Where are the doctors’ offices? What are their hours? Do the doctors use electronic health records or prescribe electronically?Which pharmacies can you use? Is the pharmacy you use in the plan’s network? If it’s in the network and your plan has preferred pharmacies, is your pharmacy preferred? (You may pay more at non-preferred pharmacies.) Can you get your prescriptions by mail?
How much are your premiums, deductibles, and other costs? How much do you pay for services like hospital stays or doctor visits? Is there a yearly limit on what you pay out-of-pocket? Your costs may vary and may be different if you don’t follow the coverage rules.
How well does the plan cover the services you need?
Doctor And Hospital Choice
Do your doctors and other health care providers accept the type of coverage you have? Are the doctors you want to see accepting new patients? Do you have to choose your hospital and health care providers from a network? Do you need to get referrals?
Do you need to join a Medicare drug plan? Are your drugs covered under the plan’s formulary? Are there any coverage rules that apply to your prescriptions?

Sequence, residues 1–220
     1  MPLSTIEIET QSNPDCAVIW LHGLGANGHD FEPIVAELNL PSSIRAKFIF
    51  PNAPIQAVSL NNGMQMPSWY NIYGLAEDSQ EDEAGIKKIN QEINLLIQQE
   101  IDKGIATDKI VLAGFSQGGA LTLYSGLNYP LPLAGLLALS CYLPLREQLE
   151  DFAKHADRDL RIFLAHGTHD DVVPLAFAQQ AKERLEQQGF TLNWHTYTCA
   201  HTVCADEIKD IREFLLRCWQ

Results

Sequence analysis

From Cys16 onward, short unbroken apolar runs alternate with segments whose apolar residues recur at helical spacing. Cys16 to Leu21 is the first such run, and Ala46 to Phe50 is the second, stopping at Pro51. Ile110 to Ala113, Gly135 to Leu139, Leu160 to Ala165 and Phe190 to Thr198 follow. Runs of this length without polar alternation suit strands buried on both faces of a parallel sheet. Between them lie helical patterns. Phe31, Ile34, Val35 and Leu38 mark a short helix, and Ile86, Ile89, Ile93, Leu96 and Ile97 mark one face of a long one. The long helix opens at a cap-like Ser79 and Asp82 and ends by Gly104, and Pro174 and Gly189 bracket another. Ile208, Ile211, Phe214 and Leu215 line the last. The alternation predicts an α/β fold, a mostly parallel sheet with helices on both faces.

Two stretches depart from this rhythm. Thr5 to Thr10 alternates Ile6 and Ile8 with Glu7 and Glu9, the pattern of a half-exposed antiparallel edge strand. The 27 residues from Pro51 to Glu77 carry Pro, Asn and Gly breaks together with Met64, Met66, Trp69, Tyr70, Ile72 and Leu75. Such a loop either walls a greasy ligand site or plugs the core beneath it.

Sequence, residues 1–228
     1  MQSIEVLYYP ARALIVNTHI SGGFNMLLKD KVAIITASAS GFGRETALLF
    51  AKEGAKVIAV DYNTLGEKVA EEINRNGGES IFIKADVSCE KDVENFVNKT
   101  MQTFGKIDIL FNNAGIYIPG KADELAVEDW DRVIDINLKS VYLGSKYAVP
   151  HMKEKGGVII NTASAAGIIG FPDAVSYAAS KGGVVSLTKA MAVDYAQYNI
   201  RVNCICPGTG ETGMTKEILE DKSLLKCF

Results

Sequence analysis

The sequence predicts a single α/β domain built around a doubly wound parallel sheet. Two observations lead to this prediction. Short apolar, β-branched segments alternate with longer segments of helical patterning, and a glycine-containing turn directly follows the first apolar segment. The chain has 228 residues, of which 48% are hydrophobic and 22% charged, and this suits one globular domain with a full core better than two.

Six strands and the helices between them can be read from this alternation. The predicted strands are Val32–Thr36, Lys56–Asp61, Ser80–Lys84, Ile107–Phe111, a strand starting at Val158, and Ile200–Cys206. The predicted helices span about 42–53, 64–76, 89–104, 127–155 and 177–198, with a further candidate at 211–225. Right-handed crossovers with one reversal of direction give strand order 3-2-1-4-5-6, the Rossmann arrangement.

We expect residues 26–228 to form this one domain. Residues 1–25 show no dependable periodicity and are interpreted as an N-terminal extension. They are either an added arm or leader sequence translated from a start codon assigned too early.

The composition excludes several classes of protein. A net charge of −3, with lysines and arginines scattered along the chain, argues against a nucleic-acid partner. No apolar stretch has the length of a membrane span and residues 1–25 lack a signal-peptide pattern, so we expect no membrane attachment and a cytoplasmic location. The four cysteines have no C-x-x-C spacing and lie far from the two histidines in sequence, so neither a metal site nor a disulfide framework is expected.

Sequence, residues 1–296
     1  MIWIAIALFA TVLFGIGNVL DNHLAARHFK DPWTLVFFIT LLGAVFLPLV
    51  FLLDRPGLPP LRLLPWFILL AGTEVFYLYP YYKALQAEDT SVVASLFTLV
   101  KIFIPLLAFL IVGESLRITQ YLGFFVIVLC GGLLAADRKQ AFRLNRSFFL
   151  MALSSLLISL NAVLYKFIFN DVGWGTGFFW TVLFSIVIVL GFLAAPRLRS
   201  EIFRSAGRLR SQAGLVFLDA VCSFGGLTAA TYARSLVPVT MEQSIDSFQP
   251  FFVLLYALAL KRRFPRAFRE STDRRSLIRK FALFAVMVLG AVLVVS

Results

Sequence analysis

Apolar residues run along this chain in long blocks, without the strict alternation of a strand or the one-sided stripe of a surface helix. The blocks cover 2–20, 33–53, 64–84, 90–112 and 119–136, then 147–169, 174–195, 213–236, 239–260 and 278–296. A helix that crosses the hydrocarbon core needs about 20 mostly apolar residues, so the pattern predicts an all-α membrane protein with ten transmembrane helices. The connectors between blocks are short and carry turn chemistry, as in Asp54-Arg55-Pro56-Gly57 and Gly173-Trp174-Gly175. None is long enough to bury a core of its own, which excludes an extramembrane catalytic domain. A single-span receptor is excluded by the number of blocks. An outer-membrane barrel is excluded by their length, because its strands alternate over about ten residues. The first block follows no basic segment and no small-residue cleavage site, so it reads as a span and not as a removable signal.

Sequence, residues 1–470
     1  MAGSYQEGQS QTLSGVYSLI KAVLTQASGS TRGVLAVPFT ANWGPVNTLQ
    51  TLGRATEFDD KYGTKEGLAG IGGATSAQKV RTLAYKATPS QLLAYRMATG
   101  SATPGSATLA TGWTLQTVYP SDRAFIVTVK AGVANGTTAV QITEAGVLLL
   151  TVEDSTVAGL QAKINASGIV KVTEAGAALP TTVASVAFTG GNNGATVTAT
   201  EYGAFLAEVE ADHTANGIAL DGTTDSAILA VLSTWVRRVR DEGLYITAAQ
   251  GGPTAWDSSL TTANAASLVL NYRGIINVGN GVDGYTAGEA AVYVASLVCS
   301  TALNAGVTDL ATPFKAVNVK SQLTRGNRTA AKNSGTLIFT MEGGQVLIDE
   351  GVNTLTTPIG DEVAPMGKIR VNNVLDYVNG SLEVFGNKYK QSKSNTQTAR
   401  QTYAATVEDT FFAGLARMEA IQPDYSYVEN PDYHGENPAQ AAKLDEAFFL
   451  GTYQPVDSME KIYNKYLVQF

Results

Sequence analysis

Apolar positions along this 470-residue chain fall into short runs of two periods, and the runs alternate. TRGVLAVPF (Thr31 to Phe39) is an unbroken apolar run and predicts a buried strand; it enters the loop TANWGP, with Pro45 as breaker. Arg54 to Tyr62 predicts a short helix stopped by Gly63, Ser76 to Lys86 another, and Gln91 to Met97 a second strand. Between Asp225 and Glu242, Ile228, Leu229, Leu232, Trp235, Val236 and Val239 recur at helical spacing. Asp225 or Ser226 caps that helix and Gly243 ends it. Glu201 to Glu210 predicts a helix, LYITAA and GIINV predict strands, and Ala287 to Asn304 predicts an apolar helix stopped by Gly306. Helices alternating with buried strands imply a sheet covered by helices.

Quality Of Care
Are you satisfied with your medical care? The quality of care and services offered by plans and other health care providers can vary. Medicare has information to help you compare how well plans and providers work to give you the best care possible.
Will you have coverage in another state or outside the U.S.?
Your Other Coverage
Do you have, or are you eligible for, other types of health or prescription drug coverage (like from a former or current employer or union)? If so, read the materials from your insurer or plan, or call them to find out how the coverage works with, or is affected by, Medicare. If you have coverage through a former or current employer or union or other source, talk to your benefits administrator, insurer, or plan before making any changes to your coverage. If you drop your coverage, you may not be able to get it back.